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Hackathon Wisdom for a Non-Coder

I volunteered for one of NYC's first all female hackathon. As a non-coder I gained some unexpectedly interesting insight.

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Hackathon Wisdom for a Non-Coder

In late April I volunteered for an all female hackathon--#SheHacksNYC-- sponsored by Monarq at Trello's lofty offices in the Financial District, NYC. Over 30 women had submitted project ideas, teams were created, and by Friday evening the women were grouped and talking shop.

I am a not a coder. I'm a trained painter, Stage Manager, and English teacher to small children. While I love and work in tech, my coding skills are limited to 8th grade HTML.

That weekend and these women have been inspiring. I'm blown away with what they created and the lessons I'm bringing into my life. Here are five key takeaways for a non-coder from a hackathon.

CINCO*: You don't have to understand the tech to get the concepts. I'm only beginning to learn about APIs, full stack, tech-speak, and new coding languages. But each moment I realize that I don't have to understand the technology to get the ideas and concepts. These women are passionate, idea-filled, and conscious that their audience isn't always a coder. This hackathon considered the importance of all sides of a new product including coding, marketing, design, business development, and pitching to potential clients and investors.

CUATRO*: Everyone is interesting. Everyone has a story to tell. I heard about new projects being working after the traditional 9-5 work hours. I heard tales about leaving multi-decade professions to pursue passions. It's been a joy and a privilege to listen to these women. Their stories have inspired me to get off my butt to take further actions on my goals.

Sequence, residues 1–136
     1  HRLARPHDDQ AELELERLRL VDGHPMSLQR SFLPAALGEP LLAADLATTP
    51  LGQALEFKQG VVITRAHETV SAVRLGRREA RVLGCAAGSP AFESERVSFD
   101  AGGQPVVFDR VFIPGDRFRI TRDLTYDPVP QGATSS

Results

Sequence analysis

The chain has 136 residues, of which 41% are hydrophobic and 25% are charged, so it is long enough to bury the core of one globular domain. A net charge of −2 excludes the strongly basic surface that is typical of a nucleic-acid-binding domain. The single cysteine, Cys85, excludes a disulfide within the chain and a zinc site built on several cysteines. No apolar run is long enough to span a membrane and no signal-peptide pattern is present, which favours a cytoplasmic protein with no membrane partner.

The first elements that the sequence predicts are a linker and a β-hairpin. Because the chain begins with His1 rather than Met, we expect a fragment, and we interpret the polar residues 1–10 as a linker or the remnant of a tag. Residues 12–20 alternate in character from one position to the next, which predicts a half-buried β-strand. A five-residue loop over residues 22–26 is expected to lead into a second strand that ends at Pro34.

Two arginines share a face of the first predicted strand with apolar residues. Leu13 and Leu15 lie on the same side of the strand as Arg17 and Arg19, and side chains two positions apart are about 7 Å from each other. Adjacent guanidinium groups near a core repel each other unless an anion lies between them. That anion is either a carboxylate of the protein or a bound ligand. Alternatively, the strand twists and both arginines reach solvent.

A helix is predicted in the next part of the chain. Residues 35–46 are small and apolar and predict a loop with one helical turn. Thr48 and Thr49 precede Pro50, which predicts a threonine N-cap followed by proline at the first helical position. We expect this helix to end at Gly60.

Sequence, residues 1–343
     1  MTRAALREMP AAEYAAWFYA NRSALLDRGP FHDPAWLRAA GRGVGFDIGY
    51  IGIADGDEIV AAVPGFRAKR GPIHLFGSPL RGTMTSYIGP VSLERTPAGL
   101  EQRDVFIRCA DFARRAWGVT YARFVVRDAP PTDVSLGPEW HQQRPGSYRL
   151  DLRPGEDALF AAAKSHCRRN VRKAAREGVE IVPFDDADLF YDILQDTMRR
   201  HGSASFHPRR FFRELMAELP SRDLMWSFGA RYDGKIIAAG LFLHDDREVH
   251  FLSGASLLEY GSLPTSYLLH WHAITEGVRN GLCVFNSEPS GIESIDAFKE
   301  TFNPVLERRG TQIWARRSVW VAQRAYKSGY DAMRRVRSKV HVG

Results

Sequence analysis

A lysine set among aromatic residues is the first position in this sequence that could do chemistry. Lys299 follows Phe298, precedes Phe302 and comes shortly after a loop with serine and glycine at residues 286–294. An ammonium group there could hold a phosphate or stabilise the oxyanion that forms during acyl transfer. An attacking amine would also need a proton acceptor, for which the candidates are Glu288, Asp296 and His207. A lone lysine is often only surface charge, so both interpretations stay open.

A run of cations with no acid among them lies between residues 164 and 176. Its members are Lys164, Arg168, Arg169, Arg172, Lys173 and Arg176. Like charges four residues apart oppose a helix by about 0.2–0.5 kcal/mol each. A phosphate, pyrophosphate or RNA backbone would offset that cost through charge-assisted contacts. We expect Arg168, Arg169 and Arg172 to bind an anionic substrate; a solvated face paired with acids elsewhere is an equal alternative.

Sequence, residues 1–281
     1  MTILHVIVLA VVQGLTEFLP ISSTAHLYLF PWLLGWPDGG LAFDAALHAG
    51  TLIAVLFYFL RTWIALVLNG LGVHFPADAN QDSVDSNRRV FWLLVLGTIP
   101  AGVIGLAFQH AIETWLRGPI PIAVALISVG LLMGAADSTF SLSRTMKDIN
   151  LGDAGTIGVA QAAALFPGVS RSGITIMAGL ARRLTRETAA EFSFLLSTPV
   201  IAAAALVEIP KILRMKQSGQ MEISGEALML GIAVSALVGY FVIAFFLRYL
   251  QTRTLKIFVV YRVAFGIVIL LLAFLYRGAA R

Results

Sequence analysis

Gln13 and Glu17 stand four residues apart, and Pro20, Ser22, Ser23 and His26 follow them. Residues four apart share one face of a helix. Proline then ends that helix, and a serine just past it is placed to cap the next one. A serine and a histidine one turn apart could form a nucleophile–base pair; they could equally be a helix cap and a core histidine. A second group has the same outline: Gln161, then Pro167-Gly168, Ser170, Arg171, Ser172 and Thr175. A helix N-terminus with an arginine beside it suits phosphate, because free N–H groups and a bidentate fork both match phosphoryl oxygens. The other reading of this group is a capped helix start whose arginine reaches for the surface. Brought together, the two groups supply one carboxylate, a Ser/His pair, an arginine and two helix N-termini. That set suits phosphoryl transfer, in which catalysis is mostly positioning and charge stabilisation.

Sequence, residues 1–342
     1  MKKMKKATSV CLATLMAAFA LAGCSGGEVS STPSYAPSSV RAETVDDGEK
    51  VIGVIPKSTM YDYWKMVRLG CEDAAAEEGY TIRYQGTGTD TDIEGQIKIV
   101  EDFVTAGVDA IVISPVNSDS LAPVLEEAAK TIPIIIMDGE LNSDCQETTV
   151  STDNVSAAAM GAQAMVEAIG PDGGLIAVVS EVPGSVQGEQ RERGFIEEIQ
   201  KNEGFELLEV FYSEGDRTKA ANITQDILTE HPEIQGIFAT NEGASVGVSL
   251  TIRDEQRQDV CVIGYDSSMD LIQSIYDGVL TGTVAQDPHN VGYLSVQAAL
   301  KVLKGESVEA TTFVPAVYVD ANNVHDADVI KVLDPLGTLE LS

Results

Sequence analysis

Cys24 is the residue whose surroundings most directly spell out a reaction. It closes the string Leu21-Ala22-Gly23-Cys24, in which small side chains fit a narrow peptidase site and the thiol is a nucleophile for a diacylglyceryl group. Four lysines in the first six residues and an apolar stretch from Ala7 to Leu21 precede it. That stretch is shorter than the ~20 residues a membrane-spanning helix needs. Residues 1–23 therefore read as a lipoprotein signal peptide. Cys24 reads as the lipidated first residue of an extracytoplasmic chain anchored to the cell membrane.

TRES*: Simple gestures matter. I learned how and made many rounds of cappuccinos, lattes, and espressos this weekend. Beginning with the personal interaction of asking for orders and ending with a hot coffee delivery, my fellow barista extraordinaire Lydia and I fulfilled on caffeine promises. These women were unreasonably grateful not just the coffee but also the recognition of a need (the caffeine) and the follow-up ask. Simple gestures matter. Those gestures make a difference in that moment and moments add up fast.

DOS*: I could be a coder. I could learn and start working with a new career path in mind. I could be a designer. I could pick up Adobe Creative Suite or balsamiq. With passion, I could do just about any damn thing I want. The diversity of "how I got here stories" provides a wealth of future possibilities for those who are truly listening. No ceilings. No limits. There is no stopping me (or you)! How exciting is that?

UNO*: A group of women working together--even if on separate projects-- is a powerhouse of potential. This was my first female-only tech event (except for some exceptional male mentors). This experience has far exceeded my expectations. Women, when brought together in a challenge like a hackathon, are a force to be reckoned with.

*At the hackathon we found that counting down backward in Spanish tends to be an effective tool to gaining the others attention.

** #SheHacksNYC is hosting their second all-female hackathon this October. Please find more information at

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